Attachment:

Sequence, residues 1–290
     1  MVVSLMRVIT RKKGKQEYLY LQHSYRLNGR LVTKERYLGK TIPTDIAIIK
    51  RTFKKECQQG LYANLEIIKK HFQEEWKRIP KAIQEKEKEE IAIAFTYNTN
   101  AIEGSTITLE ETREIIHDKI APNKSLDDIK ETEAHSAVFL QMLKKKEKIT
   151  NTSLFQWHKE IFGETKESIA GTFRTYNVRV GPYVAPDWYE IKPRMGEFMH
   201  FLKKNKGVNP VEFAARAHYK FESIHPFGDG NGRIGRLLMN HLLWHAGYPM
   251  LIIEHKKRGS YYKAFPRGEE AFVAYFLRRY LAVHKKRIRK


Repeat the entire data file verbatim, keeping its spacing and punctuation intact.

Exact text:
Sequence, residues 1–290
     1  MVVSLMRVIT RKKGKQEYLY LQHSYRLNGR LVTKERYLGK TIPTDIAIIK
    51  RTFKKECQQG LYANLEIIKK HFQEEWKRIP KAIQEKEKEE IAIAFTYNTN
   101  AIEGSTITLE ETREIIHDKI APNKSLDDIK ETEAHSAVFL QMLKKKEKIT
   151  NTSLFQWHKE IFGETKESIA GTFRTYNVRV GPYVAPDWYE IKPRMGEFMH
   201  FLKKNKGVNP VEFAARAHYK FESIHPFGDG NGRIGRLLMN HLLWHAGYPM
   251  LIIEHKKRGS YYKAFPRGEE AFVAYFLRRY LAVHKKRIRK